From the

Official News Magazine of the Diocese of Spokane

Deacon Eric Meisfjord, Editor
P.O. Box 48, Spokane WA 99210
(509) 358-7340; FAX: (509) 358-7302

Spokane’s St. Peter Parish: a lively spirit of community on South Freya

by Bonita Lawhead, Inland Register staff

(From the Feb. 28, 2002 edition of the Inland Register)

When Jesus commissioned Peter as the head of his church, he said: “You are Peter and on this rock, I will build my church...” (Matthew 16:18a)

A ground-breaking for the church-school at the newly-formed St. Peter Parish was held March 30, 1957. Father Armand LaVerdiere, who was pastor, pushed the shovel into the earth only to hit a rock “in an otherwise rock-free turf,” said a newspaper account of the ceremony. Photos were taken of the rock for posterity, to show that on this rock, or at least where the rock had been, they built their church.

St. Peter Parish, on 18th between Thor and Freya streets, was the second to be formed by Bishop Bernard Topel on the south side of Spokane in 1956, following Our Lady of Fatima.

Naming the parish for St. Peter was a dream come true for the new pastor. Father LaVerdiere, who was born in Quebec, had been given the name Peter at baptism. As he grew up, he thought that, as a priest, if he ever built a church, he would name it for the saint.

Thanks to the efforts of parishioner Thornton Murphy, who helped build it, Father LaVerdiere was able to use worship space in the basement of the Lincoln Community Center for his fledgling congregation. The space was not the warmest in the winter months. Founding parishioners Jack and Schotzie O’Brien and Marky Cooper still remember how the holy water would freeze in the font. “We had to go early to thaw it out,” O’Brien said.

“I was teaching catechism then,” said Cooper, “and one of my students had leg braces. I missed him one day, and my search found him next to the furnace, getting his braces warm.”

Often a new parish would begin with a combination hall-gym that could be used for church services as well as school activities.

The first St. Peter church building was dedicated by Bishop Topel and the first Mass was celebrated Oct. 20, 1957. The new structure included a four-classroom section for the first four grades. Willing parish volunteers gave their time as well as their dollars to get the structure built, and many spent numberless hours in the evenings and on weekends, helping to “build the church.”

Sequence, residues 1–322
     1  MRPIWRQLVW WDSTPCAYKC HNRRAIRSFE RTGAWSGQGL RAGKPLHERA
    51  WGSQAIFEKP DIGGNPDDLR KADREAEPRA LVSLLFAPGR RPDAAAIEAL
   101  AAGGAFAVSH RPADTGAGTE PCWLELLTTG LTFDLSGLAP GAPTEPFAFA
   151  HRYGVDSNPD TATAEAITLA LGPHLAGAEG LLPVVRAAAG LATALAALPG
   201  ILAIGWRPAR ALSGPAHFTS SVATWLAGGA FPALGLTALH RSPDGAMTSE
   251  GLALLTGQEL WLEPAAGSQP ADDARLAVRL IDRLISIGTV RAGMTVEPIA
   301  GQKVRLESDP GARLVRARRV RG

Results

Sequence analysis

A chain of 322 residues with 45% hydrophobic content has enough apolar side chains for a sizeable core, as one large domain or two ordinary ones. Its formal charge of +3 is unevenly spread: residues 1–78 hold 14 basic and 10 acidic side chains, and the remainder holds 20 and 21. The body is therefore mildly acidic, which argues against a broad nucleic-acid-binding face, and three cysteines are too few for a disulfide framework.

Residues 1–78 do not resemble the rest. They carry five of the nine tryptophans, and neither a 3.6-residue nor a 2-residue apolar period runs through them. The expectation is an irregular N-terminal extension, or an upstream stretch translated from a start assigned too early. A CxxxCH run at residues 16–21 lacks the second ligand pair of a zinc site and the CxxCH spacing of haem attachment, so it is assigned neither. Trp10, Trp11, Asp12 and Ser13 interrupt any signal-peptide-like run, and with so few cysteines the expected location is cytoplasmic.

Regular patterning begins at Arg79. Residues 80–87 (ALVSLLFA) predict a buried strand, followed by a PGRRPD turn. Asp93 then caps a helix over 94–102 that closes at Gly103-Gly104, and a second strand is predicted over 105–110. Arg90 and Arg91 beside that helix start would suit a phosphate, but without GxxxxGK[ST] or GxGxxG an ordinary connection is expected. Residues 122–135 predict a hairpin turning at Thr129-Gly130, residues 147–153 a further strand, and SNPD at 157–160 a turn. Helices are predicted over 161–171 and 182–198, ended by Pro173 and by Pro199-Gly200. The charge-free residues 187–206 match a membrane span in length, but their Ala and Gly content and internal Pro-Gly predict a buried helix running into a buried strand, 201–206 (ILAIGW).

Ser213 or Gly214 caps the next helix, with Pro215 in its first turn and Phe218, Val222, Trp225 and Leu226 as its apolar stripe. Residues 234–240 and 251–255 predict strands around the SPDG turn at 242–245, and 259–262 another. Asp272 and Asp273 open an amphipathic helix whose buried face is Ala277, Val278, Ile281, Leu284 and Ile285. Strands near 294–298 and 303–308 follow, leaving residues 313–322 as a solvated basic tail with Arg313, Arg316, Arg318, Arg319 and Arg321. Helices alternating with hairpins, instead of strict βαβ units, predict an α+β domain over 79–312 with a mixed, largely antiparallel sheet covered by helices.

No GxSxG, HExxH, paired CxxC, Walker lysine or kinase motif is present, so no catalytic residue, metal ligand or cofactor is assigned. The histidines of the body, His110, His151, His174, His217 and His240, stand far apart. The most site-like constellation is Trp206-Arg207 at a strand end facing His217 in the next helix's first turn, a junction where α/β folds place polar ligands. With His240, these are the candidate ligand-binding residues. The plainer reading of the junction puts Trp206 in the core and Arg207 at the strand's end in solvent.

The school opened its doors to 107 students in September 1958, with the Sisters of St. Mary of Oregon as their teachers. Later on parishioners added classrooms for the other four grades.

But it wasn’t only building construction that kept the congregation busy. Parishioners were just as enthusiastic about building community. Within three years, there were organizations for practically everyone: a study club, a parish choir, adult inquiry classes, Altar Society guilds, and a Holy Names Society.

Scrapbooks compiled by Cooper show photos and news clippings of all kinds of events: the fund-raiser salmon bakes for the school, dances, tea parties, luncheons, festivals and carnivals. School activities take their share of space in the history books, too, as well as the building projects.

In 1992 work began on plans to build a formal church. Father Mike Savelesky was pastor then. His tenure as pastor, from 1980-1995, is the longest in the parish’s history so far. He guided the parish through discernment, decision-making and fund-raising processes.

A number of committees were formed and parishioners were involved in the process from start to finish.

Once again parishioners showed their willingness to volunteer as they accomplished some of the construction work themselves. That not only saved money, said Father Savelesky, but it helped build community, which was one of the building program’s goals. The church was dedicated by Bishop William Skylstad Feb. 10, 1995.

The new church was built on 18th, to the east of the school. The location lent itself to a church designed with two levels. The church, Blessed Sacrament chapel, Reconciliation room, and hall are on the upper floor. Parish offices and meeting rooms are on the lower level.

The Madonna Room on the upper level, for wedding preparation and other purposes, was completed only recently. Some work remains to be completed on the parish hall.

Another of the building program’s goals was to “construct a building recognizable as a church.” To see the angular church, with the huge cross on top, is to know immediately the building’s purpose.